You must avoid using materials that you have already analysed and discussed during your undergraduate studies, or you will run the risk of self-plagiarism, or using misleading materials, and this will also be flagged in Turnitin. 

4) Online participation 10%:

See the below rubric for how this is assessed. Note that the online teaching for the MA is ‘asynchronous’ or not live. 

See further information on ‘Assessments’ section of module Blackboard site and module handbook for more information.

Learning Outcomes Assessed:

  • Recognise and evaluate different methods of gathering and evaluating historical data and their strengths and weaknesses.        
  • Use different methods of gathering and evaluating historical data critically.   
  • Critically appraise methodologies for historical research. 
  • Analyse the relationship between different approaches to, and theories of, history and methods chosen for historical research.

Knowledge & Skills Assessed:

Subject Specific Knowledge, Skills and Understanding: Source analysis, critical reading and thinking, literature searching, referencing, subject-specific knowledge.

Professional Graduate Skills: independence and personal responsibility, adaptability, written communication, creativity, critical thinking, IT skills, self-reflection, problem solving, effective time management, working under pressure to meet deadlines.

Emotional Intelligence: self-management, motivation, resilience, self-confidence.

Career-focused Skills: Communication skills, adaptability and flexibility, independent thinking and working, analysing and synthesising large bodies of complex material.

Assessment Submission Instructions:

This should be handed in as one piece of work, but it has three written components, plus a fourth component that will be evaluated by your online participation throughout the module (this element is not included in the submitted portfolio and will be evaluated by the seminar leaders as you engage with online discussion tools ahead of each seminar). 

Each of the three components submitted online should be no more than about 1800-2000 words long. Each of those components is worth 30% of the total mark, with 10% coming from your online engagement throughout the module (see bottom of this for an online engagement rubric). The total length of the portfolio should be no more than 6000 words(including footnotes and bibliographies).

Hand-in via Turnitin on the ‘Assessments’ section of the Historical Research module site by:Wednesday 18January 2023 at 4pm

Date for Return of Feedback:Wednesday 8 February 2023 at 4pm

Assessment Support Information: Besides the information and further guidance provided in the handbook and the module Blackboard site, students will also be given in-class guidance and advice on how to complete the portfolio assessment. The module coordinator and seminar leaders also provide office hours for students to discuss their plans and ideas for the assessment. 

Important Information on Dishonesty & Plagiarism:

University of Lincoln Regulations define plagiarism as ‘the passing off of another person’s thoughts, ideas, writings or images as one’s own…Examples of plagiarism include the unacknowledged use of another person’s material whether in original or summary form. Plagiarism also includes the copying of another student’s work’.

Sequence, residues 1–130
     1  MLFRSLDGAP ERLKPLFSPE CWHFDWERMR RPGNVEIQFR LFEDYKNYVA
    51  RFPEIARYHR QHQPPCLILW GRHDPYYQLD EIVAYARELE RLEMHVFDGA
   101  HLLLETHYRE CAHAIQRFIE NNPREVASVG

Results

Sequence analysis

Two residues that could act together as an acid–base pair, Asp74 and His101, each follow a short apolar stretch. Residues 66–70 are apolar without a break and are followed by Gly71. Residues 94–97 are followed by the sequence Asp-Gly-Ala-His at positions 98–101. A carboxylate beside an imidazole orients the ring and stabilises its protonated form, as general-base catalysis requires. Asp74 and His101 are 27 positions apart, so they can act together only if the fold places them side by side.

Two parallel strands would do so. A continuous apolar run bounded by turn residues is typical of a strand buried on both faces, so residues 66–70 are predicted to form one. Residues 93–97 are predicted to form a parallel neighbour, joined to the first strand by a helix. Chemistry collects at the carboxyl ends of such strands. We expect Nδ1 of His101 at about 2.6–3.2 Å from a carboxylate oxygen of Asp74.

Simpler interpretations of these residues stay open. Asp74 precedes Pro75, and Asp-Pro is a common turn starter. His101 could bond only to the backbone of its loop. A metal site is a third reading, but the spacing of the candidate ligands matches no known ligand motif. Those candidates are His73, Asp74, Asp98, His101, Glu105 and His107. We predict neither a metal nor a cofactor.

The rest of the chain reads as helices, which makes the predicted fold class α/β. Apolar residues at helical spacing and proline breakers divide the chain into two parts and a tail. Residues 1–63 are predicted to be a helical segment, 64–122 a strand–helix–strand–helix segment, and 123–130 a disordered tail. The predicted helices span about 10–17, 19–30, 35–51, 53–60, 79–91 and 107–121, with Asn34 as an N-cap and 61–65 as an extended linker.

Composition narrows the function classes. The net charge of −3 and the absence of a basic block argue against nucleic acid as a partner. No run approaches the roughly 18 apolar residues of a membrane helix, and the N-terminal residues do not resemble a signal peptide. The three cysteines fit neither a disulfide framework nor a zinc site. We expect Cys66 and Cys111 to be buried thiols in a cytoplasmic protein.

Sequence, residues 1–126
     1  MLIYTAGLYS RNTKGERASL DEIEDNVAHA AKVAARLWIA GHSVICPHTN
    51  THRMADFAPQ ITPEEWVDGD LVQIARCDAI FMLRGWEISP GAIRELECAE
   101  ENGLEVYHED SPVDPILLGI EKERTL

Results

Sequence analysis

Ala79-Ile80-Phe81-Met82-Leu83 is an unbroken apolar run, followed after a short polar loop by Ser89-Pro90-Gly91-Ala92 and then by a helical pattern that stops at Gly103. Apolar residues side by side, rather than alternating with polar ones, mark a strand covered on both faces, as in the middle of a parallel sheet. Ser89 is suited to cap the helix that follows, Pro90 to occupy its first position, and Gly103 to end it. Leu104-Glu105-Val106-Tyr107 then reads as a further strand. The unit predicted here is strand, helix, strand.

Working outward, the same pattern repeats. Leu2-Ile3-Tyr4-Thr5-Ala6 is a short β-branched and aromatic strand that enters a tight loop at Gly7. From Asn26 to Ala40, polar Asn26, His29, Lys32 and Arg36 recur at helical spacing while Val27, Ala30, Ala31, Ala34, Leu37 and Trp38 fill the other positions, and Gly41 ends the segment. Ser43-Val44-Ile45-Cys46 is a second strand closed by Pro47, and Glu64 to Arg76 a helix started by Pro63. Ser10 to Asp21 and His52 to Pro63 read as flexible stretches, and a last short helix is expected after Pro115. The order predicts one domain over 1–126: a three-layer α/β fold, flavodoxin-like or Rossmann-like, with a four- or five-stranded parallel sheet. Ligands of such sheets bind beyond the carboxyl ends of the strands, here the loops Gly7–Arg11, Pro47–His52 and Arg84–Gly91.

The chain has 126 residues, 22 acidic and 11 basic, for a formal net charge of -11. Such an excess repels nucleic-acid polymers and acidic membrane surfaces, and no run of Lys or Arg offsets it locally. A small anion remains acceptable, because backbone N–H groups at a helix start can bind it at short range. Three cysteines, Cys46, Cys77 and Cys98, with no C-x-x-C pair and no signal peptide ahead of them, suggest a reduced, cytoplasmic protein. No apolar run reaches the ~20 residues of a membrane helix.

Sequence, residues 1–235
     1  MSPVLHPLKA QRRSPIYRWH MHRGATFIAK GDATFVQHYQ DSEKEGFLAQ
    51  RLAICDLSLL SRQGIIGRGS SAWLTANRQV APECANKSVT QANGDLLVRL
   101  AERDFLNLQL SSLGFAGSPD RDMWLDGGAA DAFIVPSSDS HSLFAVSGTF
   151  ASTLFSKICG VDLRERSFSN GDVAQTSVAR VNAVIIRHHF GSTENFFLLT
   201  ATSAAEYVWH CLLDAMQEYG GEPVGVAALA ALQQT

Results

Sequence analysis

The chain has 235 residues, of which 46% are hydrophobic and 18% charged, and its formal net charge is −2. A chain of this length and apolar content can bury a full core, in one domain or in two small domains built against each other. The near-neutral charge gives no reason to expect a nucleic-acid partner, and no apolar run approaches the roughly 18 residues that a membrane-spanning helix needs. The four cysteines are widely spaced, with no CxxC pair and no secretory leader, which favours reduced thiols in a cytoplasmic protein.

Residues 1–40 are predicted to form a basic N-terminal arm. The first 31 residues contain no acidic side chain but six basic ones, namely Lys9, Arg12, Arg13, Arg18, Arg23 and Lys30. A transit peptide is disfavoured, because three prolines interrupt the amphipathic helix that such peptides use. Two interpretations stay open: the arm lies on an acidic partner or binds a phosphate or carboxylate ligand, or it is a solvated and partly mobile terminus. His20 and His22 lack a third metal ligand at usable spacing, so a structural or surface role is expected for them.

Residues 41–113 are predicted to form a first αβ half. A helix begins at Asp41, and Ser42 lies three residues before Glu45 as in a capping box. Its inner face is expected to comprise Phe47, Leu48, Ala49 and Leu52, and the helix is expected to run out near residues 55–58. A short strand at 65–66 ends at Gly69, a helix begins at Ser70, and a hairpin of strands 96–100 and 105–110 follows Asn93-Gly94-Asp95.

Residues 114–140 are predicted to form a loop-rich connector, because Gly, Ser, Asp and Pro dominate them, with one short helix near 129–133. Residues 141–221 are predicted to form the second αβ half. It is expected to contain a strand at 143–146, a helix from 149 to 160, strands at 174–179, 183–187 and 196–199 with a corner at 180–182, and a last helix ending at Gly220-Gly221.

Plagiarism is a serious offence and is treated by the University as a form of academic dishonesty. Students are directed to the University Regulations for details of the procedures and penalties involved.

For further information, see plagiarism.org

Skills and Referencing techniques.

Marking Criteria for Assessment: (see rubrics on the following pages)

 ClassificationArgument and understandingCritical thinking and analysisUse of sources and evidenceAcademic referencingPresentation and written communication
Distinction90-­‐100% First Distinction (Upper Range)Highly effective and sustained arguments, demonstrating exemplary critical thinking and awarenessofbibliography.Addresses all aspects of the assignment to exemplarystandard.Conformstothe highest standard that can be reasonably expected from a Masters levelsubmission.Work demonstrates exemplary standard of critical analysis and/or originality and creativity. Exemplary in its use of ideas, concepts and theory. Exemplary analysis of sources. Conforms to the highest standard that can be reasonably expected from a Masters level submission.Exemplary use of a wide range of sources. Demonstrates deeply impressive command of historiography. Demonstrates an exemplary sensitivity to the limitations of historical evidence. Sources selected and deployed in original ways. Conforms to the highest standard that can be reasonably expected from a Masters level submission.Exemplary in all respects. Outstanding bibliography with academic referencing conventions employed accurately, consistently and according to established practice within the discipline. Conforms to the highest standard that can be reasonably expected from a Masters level submission.Almost flawless presentation. Fluent and accurate written expression, with considerable stylistic elegance. Written communication, including use of subject-­‐ specific language, is of highest standard that can be reasonably expected from a Masters level submission.